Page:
The Problems with Female-Only Self-Defense Classes
Friday, September 6, 2013Tweet
Content Note: Sexual assault, victim-blaming, gender binary
Our school recently announced that a local martial arts place is going to offer free self-defense classes on campus. I think this is a great idea. I took a self-defense class in high school and I think another one through Girl Scouts. Just knowing that I have at least some tools at my disposal in the event that someone should ever try to attack me or take me somewhere against my will makes me feel more confident, which tends to be a big selling point for these types of classes.
Here's the problem: The classes are only offered to female students, faculty, and staff.
There are actually a number of problems with this, and I want to go through them just to put my thoughts out there. You may disagree with some of these, but I hope that overall you'll see that maybe this isn't the greatest idea.
1) This contributes to a culture of victim-blaming, particularly female victim-blaming.
When a self-defense class is offered to all genders (or to men), the tone tends to be, "Here are some skills so you'll know what to do if you're ever attacked." When a self-defense class is offered to women, the tone often is, "If we teach women self-defense, they won't get raped so much." The female self-defense classes I've attended before often include the standard "safety tips" like "Don't walk alone at night" that equate limiting women's freedom with keeping them safe. This is based on the problematic assumption that rape (or other violence against women) happens not because people choose to rape, but because women just don't know how to act. It's based on an assumption that if women just did something differently or learned more (putting the burden on the supposed potential-victims), there would be fewer assaults.
To be fair, our school has taken a proactive approach against sexual assault with a campaign that focuses on the responsibility of the entire community to prevent sexual assault. But I can't help but feel that whoever arranged for these female-only self-defense classes thought, "Maybe the number of incidents of sexual assault will go down if we can teach all the women on campus self-defense!"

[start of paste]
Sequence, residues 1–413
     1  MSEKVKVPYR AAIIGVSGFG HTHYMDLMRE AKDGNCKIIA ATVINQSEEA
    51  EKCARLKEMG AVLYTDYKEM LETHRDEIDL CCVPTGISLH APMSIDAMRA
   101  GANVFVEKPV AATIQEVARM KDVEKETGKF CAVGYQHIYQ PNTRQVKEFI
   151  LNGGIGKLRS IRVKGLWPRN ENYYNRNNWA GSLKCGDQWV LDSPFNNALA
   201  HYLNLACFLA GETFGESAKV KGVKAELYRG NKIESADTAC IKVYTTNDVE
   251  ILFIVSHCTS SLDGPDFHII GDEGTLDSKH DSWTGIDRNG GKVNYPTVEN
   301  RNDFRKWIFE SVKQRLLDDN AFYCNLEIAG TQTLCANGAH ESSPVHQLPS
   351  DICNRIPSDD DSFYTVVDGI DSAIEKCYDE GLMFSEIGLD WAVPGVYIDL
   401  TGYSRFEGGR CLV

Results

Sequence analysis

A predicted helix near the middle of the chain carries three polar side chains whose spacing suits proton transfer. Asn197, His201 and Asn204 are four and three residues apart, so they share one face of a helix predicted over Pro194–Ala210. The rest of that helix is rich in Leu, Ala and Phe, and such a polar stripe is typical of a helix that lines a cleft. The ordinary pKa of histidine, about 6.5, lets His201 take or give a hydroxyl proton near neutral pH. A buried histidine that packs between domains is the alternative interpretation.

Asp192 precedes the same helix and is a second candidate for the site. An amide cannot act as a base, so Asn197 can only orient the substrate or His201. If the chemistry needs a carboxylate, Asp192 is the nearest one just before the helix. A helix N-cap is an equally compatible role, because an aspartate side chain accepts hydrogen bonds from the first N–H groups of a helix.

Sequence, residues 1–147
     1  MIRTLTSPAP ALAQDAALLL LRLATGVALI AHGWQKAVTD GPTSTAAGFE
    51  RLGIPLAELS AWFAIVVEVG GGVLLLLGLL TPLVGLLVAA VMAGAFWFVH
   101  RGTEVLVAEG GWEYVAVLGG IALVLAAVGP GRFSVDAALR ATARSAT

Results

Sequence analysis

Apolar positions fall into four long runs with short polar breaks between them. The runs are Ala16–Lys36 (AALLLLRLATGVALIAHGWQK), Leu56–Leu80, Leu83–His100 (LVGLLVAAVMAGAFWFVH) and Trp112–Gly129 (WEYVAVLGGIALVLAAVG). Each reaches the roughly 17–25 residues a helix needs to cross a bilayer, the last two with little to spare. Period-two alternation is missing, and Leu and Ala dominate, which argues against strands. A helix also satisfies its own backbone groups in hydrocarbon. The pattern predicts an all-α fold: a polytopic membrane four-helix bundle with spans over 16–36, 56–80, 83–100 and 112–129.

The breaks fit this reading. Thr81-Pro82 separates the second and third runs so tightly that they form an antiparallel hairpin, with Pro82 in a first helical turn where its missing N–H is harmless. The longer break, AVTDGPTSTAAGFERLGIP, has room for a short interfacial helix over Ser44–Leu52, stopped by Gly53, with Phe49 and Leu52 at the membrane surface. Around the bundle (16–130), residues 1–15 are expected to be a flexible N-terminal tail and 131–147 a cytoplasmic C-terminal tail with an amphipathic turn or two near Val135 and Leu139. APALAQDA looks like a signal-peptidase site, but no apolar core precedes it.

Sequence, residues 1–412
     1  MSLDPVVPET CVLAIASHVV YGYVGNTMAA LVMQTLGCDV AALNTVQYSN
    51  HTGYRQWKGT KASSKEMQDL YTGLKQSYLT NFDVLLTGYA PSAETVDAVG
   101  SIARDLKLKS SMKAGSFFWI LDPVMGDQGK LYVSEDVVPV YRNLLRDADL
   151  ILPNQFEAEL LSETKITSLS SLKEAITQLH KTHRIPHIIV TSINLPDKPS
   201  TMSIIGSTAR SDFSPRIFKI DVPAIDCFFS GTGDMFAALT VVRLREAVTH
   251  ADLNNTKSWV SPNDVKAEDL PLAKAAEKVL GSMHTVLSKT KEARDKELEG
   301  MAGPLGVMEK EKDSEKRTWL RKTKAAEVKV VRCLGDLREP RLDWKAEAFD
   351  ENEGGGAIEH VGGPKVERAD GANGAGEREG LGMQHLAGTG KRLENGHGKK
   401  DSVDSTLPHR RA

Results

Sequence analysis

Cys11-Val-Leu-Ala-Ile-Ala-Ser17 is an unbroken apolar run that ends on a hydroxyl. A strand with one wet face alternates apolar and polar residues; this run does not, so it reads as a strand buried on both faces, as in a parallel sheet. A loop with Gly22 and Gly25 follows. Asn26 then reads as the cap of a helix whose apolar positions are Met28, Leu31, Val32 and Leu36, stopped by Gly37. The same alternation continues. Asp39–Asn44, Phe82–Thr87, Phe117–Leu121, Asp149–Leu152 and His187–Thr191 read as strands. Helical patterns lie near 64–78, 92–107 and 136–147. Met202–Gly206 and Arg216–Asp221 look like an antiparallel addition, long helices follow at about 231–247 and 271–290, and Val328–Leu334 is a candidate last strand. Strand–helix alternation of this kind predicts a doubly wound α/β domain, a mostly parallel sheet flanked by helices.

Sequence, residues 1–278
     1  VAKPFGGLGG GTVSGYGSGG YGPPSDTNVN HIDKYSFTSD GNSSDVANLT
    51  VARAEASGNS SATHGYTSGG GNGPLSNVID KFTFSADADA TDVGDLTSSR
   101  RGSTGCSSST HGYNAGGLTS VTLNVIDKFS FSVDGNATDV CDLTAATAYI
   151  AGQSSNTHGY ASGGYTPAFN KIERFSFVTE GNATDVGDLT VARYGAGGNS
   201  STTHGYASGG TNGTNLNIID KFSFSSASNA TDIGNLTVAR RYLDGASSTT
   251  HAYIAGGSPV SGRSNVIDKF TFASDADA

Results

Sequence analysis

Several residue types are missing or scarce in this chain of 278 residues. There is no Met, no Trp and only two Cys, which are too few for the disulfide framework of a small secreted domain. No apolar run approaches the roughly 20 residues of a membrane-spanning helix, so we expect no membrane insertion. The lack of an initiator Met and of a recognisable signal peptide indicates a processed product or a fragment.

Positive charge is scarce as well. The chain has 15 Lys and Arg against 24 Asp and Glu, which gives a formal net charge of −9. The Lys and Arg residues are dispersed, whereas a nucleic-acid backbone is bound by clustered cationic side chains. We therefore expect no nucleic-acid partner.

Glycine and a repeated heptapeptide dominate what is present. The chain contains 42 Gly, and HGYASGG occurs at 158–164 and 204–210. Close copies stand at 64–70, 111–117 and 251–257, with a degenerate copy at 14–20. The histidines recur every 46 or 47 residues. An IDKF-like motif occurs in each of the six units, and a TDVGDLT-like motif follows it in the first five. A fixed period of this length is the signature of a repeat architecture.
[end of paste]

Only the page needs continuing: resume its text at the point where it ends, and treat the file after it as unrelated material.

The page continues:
2) This presumes that either men don't get attacked or that they can protect themselves if they do.
My husband does not have a great deal of physical strength. We have friendly arguments over who is stronger (I think he is, he thinks I am). His build is fairly skinny. If an intruder were to come into our apartment and we for some reason needed to fend them off physically, we'd be evenly matched -- except for the fact that I know more self-defense than he does. And ironically, because men generally are not warned constantly throughout their entire life that they're going to get attacked if they walk home alone at night, they may actually be more likely to be in a situation to get "jumped" by someone (which tends to be the focus of the self-defense classes I've attended) and thus in need of knowing how to defend themselves.
3) These self-defense classes tend to have an unhelpful "stranger in the bushes" focus.
Again, this is only based on my past experience, but the self-defense instructors I've had tend to present the material in a way that's like, "Here's what you should do if someone comes out of the shadows and tries to pull you into their car" (or some such scenario). If, as I suspect, the purpose of offering these classes is to reduce the incidence of sexual assault and violence against women, then it would be helpful to have them presented more realistically, with information about domestic violence and date rape, and without all the "keep your eyes up and don't walk alone and don't carry a purse" context. And given that domestic violence and date rape (as well as the less common "stranger in the bushes" attacks) affect men as well, there's no reason they shouldn't have the opportunity to learn these things.
4) The defining factor for inclusion is gender (rather than on a factor like bodily strength) and potentially erases non-gender-conforming individuals.
If classes are limited to women because of the idea that "women are weaker and need more skills to defend themselves," this is a case of letting an average drive a rule. If the school wants to empower its weakest members, it could do that most effectively by letting people self-select whether they feel they need self-defense skills rather than by allowing participation based on gender. There's also no indication of what the definition of female is. If someone was assigned female at birth but identifies as genderqueer or male, they have the same "biological disadvantage" that ciswomen do, but can they not attend?
I could see someone rationalizing grouping self-defense classes by gender if there is going to be partner practice, since men do have more bodily strength on average and some women might be intimidated by being paired with men. However, I think this is somewhat of a weak excuse because people of the same gender can still have vast disparities in size and strength (I would be intimidated being paired with a strong, athletic woman), there are no comparable classes offered for men, and the problem of a simplistic binary category is not addressed.
Also, people within the same class could be taught together and then paired for practice based on a particular factor (gender, strength, etc.) -- this doesn't require limiting the entire class to women. Not to mention, if I only ever practice releasing from a woman's hold, then how do I know I'm able to do the same on a large, strong man?
I think offering free self-defense classes is a great thing to do. I think limiting participation in those classes to females is problematic.
What do you think?